As one who intimately feels the plight of the under-served, Abby Rubenfeld likes to take on tough issues. From representing a client who has been wrongly accused to working to legalize same sex marriages, Abby’s drive to do the right thing resulted in her being named Nashvillian of the Year by the Nashville Scene in 2015 along with fellow attorney Bill Harbison.
She has been practicing law since 1979, and the breadth of her legal, academic and political experience allows her to understand her clients’ needs and win cases on their behalves. Her list of accomplishments are notable, and there will undoubtedly be more. It is with great pleasure that we introduce you to Abby Rubenfeld, today’s FACE of Nashville.
You were elected the first ever female class president at Princeton, a feat that was noted in The New York Times. Since then, do you think women have made significant advances as equals to their male counterparts?
Yes, I was the first female class president in the then 228-year history of Princeton University, a huge honor, especially since I was barely 18 years old at the time. Since those days, the numbers of women in positions of power, including in the government, have certainly increased, but “equal” to our male counterparts? Just look at the minuscule numbers of women senators or CEO’s of Fortune 500 businesses or governors or managing editors — or even just look at the disgraceful continued pay gap between men and women or how the 2016 presidential election was covered by the media. Women are hardly treated as “equals” in jobs, elections, media treatment — you name it. Yes, we have made lots of progress, but we are nowhere near equal and young women — as well as us more mature women — today need to understand that and change it.
Your lawsuit in 2013, Tanco v. Haslam, asking Tennessee to recognize the marriages of those same sex couples who had legally wed in other states and then moved here, led to Tennessee’s inclusion in the Supreme Court case that legalized gay marriages across the country. When you heard the news, what was your reaction? Can you tell our readers your role in this monumental decision?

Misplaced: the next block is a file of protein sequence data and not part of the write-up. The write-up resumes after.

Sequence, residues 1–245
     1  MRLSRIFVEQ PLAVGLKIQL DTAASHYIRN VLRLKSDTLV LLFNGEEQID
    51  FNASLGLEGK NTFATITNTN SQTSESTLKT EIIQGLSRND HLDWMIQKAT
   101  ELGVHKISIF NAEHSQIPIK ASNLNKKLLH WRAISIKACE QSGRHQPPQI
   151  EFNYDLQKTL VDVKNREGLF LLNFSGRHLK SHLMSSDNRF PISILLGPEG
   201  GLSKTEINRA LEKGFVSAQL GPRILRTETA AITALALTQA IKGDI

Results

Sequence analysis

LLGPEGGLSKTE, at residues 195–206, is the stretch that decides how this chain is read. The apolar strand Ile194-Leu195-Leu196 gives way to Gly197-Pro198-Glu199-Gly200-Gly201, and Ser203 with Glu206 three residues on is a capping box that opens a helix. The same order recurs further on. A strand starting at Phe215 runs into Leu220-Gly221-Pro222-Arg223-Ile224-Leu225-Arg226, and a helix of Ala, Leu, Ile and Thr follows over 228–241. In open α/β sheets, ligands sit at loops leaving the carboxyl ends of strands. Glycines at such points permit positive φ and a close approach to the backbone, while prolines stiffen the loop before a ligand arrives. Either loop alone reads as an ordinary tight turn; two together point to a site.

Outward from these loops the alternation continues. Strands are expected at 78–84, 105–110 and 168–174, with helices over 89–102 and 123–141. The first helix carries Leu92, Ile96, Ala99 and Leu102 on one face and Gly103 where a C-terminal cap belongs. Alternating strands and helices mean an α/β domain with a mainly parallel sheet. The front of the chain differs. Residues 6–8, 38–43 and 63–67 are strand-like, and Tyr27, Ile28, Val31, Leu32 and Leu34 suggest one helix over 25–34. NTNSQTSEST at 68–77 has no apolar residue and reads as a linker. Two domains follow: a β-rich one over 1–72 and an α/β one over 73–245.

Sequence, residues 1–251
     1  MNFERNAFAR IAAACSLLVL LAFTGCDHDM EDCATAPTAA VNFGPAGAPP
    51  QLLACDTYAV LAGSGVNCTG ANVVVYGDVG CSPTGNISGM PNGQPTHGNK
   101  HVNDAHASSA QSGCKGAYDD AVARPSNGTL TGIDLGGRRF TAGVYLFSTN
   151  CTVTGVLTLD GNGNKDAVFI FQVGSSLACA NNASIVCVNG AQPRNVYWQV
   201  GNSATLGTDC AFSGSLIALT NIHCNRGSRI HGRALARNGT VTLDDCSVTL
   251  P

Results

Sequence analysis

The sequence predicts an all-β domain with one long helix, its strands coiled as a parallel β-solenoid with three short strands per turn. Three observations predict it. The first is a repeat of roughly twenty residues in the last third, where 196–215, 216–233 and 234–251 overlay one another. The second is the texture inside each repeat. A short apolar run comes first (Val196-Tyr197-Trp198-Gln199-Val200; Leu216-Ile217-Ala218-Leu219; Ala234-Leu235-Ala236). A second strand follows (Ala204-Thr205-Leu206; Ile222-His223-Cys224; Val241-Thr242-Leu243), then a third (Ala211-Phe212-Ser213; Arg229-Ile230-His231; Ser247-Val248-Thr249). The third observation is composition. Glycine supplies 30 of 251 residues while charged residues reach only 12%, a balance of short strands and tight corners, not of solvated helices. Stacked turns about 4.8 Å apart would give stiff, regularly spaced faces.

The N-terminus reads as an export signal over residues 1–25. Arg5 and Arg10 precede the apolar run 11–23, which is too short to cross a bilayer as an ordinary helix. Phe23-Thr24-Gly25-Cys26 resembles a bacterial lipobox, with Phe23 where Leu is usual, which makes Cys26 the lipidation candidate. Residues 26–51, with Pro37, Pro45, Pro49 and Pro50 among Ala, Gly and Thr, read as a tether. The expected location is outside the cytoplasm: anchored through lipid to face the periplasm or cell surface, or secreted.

I am very proud to have created our Tennessee case challenging the denial of marriage equality to same sex couples by setting up an amazing team of private Tennessee attorneys and a national LGBT legal organization to fight that injustice. The United States Supreme Court has long held that our wonderful United States Constitution includes a “fundamental” right to marry — meaning one of the most basic, most protected rights that a person can have. To me and many others, the exclusion of same sex couples from that “fundamental right” was wrong, without reasonable basis and discriminatory, so I worked very hard to put together a team to challenge it and correct that wrong. Our case was one of four that went to the Sixth Circuit Court of Appeals together and then to the Supreme Court. While it was not fun losing in the Sixth Circuit (losing never is), that loss meant that the likelihood of the Supreme Court hearing our case or one of those four cases increased dramatically, which was terribly exciting. All lawyers probably dream of having a major civil rights case before the United States Supreme Court; certainly I did. None of us involved in those four cases knew if only one would be accepted or none at all, so when all four were accepted together, we were all ecstatic. After starting the case, my role was as one of our amazing team, and I was privileged and honored to sit second chair at the Supreme Court oral argument. I cannot even describe how proud I feel to have played a role in making history and in making our constitutional democracy work the way it is supposed to work, protecting all our citizens.
You have spent your career working to right the wrongs that you see in society from seeing country clubs not accept Jewish members, to the LGBT community being marginalized. The drive to help others is obviously in your DNA. Where did that come from?
Yes, I was raised to have a deep sense of justice and to treat all people equally and with respect, of challenging discrimination and injustice. My family moved to Florida in 1961 when I was 7, right when integration was finally starting in the South. I went to segregated schools until I was in high school. I saw injustice, and I saw my parents react to it. They taught me that. Growing up Jewish, I also experienced discrimination and learned how painful that can be. I believe deeply that we live in the greatest country ever, and the many advantages and blessings this country provides should be equally available to all. No child should grow up without opportunity and options, but too many still do — limited and restricted simply because of their race or national origin or religion or financial ability or any number of other factors that are completely unrelated to their abilities. That is wrong, and I have dedicated my life to change that — all children should have the same opportunities that my children have.